April 2021 Roundup

As the year crawls forward, we’re busy working across a number of different fronts to advance digital rights in Australia. This month we’re looking back at government inquiries, new legislation, and announcing the Melbourne Surveillance Track!

Tracking surveillance in public spaces

We are thrilled to be involved in this year’s Melbourne Knowledge Week, hosted by the City of Melbourne. To help us all learn about surveillance in public spaces, we developed a guided walking tour through the streets of Melbourne’s CBD.

Head to this page on our website to learn more about the project, and how it relates to our work pushing for local governments around Australia to ensure they embed human rights into their smart city initiatives. If you missed a spot in one of our in-person tours this weekend, never fear! We have created a mobile-friendly website with a map and accompanying audio. Fancy going tech-free? You can also print out all the information here, and leave your phone at home!

The anonymity debate

Every now and then, someone in power who has never had any concern about how they might be persecuted or discriminated against for their own identity suggests: why don’t we just force everyone to use their real names online?

The question of anonymity has reared its head once more in Australian debate as a Parliamentary Committee published a report on its inquiry into family violence which included a recommendation for social media platforms to verify users with 100 points of identification in order to stop online abuse. Mitigating online abuse is, of course, an important goal. Yet, there is actually very little evidence to support that ‘real names policies’ will in fact reduce online abuse. Rather, there is plenty of reason to believe that maintaining online anonymity is *essential* for the free and open internet to function, and can actually ensure and improve safety for many vulnerable groups.

Have we piqued your interest? Read more about why anonymity online is really important in this blog post by our Director Lucie Krahulcova.

An update on the Data Availability and Transparency Bill

You may remember that in the second half of 2020 we made a submission on the Data Availability and Transparency (DAT) Bill. Long story (and many, many documents) short, the DAT Bill stands to fundamentally alter the way that public sector data, including our personal information, is shared both within government, as well as from government to the private sector. On 20th April, our Director Lucie Krahulcova, appeared at a Parliamentary hearing into the bill to testify to the ways this bill presents challenges to our rights, especially privacy. There are many issues with the bill, but here’s the highlight reel:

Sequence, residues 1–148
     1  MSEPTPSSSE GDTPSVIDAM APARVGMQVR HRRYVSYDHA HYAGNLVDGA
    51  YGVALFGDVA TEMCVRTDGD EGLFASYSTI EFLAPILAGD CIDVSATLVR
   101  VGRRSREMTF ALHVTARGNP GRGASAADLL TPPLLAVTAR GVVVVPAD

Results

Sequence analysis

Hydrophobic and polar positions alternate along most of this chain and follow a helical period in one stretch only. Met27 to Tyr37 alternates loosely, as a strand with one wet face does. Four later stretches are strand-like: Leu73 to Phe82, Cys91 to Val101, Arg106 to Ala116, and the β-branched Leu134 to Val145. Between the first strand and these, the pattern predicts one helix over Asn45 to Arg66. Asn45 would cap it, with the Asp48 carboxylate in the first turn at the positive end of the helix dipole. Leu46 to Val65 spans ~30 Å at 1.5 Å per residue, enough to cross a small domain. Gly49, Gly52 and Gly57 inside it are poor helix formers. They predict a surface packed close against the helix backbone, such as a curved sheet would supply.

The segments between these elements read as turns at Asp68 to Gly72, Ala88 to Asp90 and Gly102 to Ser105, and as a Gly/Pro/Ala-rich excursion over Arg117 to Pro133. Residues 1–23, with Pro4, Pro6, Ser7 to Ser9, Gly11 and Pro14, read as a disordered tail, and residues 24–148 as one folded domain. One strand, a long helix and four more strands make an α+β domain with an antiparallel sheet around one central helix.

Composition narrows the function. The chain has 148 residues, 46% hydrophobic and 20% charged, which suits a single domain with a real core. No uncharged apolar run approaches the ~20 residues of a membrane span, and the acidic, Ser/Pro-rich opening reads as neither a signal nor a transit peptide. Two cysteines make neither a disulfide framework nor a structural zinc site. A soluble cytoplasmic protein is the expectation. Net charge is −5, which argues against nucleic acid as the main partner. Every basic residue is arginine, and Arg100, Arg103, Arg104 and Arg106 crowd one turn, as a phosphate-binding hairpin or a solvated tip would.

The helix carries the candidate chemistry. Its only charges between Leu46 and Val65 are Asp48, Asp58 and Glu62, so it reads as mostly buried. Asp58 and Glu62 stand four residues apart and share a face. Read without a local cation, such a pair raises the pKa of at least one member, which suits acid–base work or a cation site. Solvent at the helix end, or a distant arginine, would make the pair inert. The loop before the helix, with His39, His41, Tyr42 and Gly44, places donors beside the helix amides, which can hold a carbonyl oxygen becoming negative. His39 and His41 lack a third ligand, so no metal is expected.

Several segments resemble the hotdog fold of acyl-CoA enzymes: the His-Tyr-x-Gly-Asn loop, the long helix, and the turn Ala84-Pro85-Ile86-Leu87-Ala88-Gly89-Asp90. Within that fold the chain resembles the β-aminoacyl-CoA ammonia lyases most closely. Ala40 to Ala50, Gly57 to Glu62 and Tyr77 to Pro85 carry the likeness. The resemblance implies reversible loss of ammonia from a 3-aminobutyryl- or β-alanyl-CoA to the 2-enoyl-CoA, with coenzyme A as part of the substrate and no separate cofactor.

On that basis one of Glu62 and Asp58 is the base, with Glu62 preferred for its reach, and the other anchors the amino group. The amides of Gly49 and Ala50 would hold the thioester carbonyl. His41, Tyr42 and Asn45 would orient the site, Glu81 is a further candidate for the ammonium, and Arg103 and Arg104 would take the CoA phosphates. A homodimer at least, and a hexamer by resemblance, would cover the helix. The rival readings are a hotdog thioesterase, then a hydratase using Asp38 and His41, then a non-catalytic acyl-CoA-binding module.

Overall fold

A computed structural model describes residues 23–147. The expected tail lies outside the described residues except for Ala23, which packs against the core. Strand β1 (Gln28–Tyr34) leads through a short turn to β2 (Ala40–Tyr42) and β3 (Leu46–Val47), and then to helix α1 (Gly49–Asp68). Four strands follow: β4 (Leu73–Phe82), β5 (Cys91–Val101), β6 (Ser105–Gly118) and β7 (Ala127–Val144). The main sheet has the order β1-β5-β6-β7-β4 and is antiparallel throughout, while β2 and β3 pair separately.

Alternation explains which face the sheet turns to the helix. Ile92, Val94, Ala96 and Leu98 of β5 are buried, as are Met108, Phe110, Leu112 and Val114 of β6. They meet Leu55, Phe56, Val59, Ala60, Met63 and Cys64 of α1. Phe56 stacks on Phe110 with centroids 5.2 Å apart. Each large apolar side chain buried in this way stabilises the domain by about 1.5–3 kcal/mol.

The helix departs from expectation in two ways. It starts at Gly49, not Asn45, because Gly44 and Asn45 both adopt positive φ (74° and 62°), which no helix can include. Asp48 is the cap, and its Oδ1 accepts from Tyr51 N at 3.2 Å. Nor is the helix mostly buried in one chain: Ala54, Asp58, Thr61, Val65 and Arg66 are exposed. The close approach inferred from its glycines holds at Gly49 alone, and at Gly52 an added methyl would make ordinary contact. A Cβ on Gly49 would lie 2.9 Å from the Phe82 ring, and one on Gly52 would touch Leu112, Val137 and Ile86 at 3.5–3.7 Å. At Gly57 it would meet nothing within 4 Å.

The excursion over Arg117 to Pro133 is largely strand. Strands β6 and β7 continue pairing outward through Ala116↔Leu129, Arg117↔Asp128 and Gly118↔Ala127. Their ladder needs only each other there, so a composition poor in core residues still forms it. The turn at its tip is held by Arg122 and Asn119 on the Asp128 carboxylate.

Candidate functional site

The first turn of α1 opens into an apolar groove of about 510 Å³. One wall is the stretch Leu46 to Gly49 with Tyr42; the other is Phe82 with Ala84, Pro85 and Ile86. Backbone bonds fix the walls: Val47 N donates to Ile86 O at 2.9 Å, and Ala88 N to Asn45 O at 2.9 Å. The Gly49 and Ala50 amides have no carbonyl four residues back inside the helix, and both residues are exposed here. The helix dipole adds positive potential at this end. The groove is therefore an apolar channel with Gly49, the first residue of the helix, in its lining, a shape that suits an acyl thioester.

• It will undermine Australian Privacy Principle 6, which puts limitations in place to prevent organisations which are regulated by the Privacy Act from taking the personal information they collect for one purpose, and using it for a completely different purpose (the ‘secondary purpose’ in privacy law lingo).
  • It is happening at the same time as the review of The Privacy Act. It does not make policy or financial sense to pass legislation about data sharing, which would be exempt from the resulting rules and standards that will (hopefully) be established by the Privacy Act review.
  • It contains vague references to the ‘public interest’ with no requirement for specific testing to ensure that privacy and autonomy are weighed against other interests i.e. the commercial ones. (As an aside, read our blog post on the need to move away from thinking about Privacy as a bargaining chip in the economy).
  • The scheme relies on obtaining consent, unless doing so would be “unreasonable or impracticable,” to which we ask: when exactly will it be “practicable” for government agencies to seek meaningful consent from millions of Australians?

The government is asking us to trust them in good faith to share our personal information with very few safeguards in place, or remedies available when things go wrong. And as we have all seen, things do go wrong. There are, sadly, far too many examples where the Australian government has released, leaked, shared or otherwise used our personal information where the privacy of individuals was not sufficiently protected.